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Palm's loss narrower than expected

update Amid a weak market for handhelds, the company posts a loss of 6 cents per share, better than the loss of 8 cents per share analysts expected.

update Amid a weak market for handhelds, Palm on Monday reported sales that were at the low end of earlier expectations but posted a net loss that was narrower than analysts' estimates.

The Milpitas, Calif.-based company reported a net loss of $258.7 million, or 45 cents per share, on revenue of $172.3 million for its first quarter of fiscal 2003. In the same period a year ago, the company had a net loss of $32.4 million, or 6 cents per share, on revenue of $214.3 million.

Excluding amortization of intangible assets, separation costs and restructuring charges, Palm lost $36.4 million, or 6 cents per share, for the quarter, which ended Aug. 30. This compares with a pro forma loss of $38.7 million, or 7 cents per share, last year.

Analysts were expecting a pro forma loss of 8 cents per share, according to earnings tracking firm First Call.

On a conference call with analysts in June, Chief Financial Officer Judy Bruner projected the company would have revenue of $175 million to $185 million.

"We are pleased to have completed our key 2002 enterprise strategy objective and its various underlying milestones during the quarter," Palm Chief Executive Officer Eric Benhamou said in a statement. "We look forward to the launch of the most comprehensive new product cycle in Palm's history, beginning this fall, and to the growth opportunities it will stimulate in the handheld industry."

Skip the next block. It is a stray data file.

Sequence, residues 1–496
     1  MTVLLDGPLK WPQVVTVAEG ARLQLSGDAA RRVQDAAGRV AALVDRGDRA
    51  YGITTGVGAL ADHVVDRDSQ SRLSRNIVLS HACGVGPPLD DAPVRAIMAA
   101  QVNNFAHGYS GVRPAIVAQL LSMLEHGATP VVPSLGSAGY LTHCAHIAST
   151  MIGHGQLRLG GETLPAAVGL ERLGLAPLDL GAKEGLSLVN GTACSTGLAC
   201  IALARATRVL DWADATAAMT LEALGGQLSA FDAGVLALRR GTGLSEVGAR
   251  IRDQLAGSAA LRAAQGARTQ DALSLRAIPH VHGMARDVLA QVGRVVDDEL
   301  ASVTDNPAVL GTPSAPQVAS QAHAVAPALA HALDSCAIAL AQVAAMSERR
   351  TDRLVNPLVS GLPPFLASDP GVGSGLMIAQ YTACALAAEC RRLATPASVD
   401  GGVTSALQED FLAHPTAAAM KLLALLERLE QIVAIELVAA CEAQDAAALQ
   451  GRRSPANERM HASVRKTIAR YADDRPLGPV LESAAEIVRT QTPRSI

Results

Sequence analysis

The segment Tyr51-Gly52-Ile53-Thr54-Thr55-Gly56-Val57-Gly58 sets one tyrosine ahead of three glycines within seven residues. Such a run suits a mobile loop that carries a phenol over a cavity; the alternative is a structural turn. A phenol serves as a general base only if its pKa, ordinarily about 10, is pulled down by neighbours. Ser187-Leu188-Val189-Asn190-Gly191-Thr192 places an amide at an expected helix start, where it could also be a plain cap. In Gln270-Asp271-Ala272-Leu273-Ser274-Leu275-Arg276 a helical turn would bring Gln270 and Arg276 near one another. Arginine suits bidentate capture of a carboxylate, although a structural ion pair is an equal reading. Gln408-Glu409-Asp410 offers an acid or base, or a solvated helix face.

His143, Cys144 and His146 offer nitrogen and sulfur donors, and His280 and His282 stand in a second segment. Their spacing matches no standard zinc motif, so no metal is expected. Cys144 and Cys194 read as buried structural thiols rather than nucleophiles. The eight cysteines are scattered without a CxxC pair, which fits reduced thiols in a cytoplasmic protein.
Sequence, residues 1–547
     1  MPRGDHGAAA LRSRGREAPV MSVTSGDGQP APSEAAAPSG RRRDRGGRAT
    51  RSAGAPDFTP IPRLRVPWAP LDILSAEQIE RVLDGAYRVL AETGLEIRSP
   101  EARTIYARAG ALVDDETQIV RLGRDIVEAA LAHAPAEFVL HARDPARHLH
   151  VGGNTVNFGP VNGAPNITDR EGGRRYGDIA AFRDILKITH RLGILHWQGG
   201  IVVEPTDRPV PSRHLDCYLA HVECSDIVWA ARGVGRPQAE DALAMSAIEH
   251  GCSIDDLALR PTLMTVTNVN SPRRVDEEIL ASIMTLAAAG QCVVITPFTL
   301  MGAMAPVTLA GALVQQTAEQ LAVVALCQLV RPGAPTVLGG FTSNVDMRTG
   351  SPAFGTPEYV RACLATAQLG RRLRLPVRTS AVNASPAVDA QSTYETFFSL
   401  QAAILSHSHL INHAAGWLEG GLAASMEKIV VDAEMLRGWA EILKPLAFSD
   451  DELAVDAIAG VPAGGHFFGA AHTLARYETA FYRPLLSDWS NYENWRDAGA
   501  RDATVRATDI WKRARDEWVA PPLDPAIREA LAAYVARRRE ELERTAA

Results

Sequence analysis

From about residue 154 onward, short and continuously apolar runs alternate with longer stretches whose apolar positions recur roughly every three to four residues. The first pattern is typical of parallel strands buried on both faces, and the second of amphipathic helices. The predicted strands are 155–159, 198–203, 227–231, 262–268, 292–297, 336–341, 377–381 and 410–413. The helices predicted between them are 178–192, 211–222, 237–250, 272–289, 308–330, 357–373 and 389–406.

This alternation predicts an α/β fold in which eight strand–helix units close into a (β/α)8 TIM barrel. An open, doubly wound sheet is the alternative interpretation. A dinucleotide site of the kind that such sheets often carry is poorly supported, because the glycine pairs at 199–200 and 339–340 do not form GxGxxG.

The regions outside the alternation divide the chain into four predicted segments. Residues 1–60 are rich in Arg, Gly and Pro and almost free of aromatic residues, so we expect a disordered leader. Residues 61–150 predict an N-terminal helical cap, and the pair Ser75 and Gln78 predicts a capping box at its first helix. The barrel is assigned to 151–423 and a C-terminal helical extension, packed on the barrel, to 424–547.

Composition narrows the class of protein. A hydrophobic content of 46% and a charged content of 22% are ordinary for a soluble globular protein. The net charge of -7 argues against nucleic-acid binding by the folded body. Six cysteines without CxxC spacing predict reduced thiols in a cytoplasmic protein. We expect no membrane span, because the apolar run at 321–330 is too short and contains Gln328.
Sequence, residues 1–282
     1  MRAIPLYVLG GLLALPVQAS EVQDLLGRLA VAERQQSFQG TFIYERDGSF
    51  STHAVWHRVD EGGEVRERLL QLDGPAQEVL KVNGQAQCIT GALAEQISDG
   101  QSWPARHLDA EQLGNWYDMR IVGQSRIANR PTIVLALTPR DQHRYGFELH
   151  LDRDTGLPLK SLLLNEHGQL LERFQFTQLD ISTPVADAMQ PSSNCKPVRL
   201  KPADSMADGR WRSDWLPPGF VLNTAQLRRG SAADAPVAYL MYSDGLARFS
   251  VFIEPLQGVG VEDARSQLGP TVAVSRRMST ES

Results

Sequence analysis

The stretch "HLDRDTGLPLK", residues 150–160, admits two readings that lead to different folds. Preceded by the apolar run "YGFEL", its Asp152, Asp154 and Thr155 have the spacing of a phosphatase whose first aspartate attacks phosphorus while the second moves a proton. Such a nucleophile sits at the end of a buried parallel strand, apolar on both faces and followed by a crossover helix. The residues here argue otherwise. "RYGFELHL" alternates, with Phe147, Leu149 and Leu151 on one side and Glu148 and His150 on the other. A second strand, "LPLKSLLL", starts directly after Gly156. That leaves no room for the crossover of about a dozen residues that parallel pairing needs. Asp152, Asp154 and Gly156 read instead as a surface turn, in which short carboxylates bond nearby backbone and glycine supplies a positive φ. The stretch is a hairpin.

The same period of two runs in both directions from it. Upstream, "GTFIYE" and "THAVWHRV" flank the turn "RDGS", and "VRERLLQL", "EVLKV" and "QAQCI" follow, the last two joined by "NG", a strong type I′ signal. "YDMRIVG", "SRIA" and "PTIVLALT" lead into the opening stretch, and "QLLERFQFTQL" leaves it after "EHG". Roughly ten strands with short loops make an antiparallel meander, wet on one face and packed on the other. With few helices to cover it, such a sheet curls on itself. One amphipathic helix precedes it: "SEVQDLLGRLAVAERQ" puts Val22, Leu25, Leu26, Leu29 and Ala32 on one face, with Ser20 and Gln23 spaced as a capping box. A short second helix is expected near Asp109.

Citing a cautious economic environment, Bruner added that revenue for the current quarter--the second quarter--would be down 10 percent to 15 percent, to between $245 million and $265 million from $290 million, compared with last year.

"Consumer spending is fragile and enterprise spending remains weak," she said.

The company expects to reach break even in the current quarter.

Benhamou said Palm managed to reduce inventory in the first quarter. Channel inventory was cut to 6.5 weeks worth from 8 weeks in the same period a year ago.

In addition, Palm used about $30.4 million of its cash reserves, leaving the company with about $238.3 million in cash and cash equivalents, it reported.

The company said it shipped 819,000 handhelds in the quarter and 19 million overall. More than 24 million devices using the Palm operating system had been shipped as of Aug. 30, the company reported.

The average selling price of Palm handhelds fell to $167 in the first quarter from $216 in the fourth quarter, Bruner said

Palm shares closed up 4 percent to 76 cents per share before the announcement. In after-hours trading, shares were down nearly 7 percent, to 71 cents, according to Island ECN.

The company is scheduled to hold an analysts' day on Oct. 28, when it is expected to announce new devices and provide investors with more strategic details.

In other Palm news Monday, the company announced new server software for large businesses that allows owners of i705 and m500 series devices to wirelessly access e-mail and corporate information. The company also introduced a new branding strategy.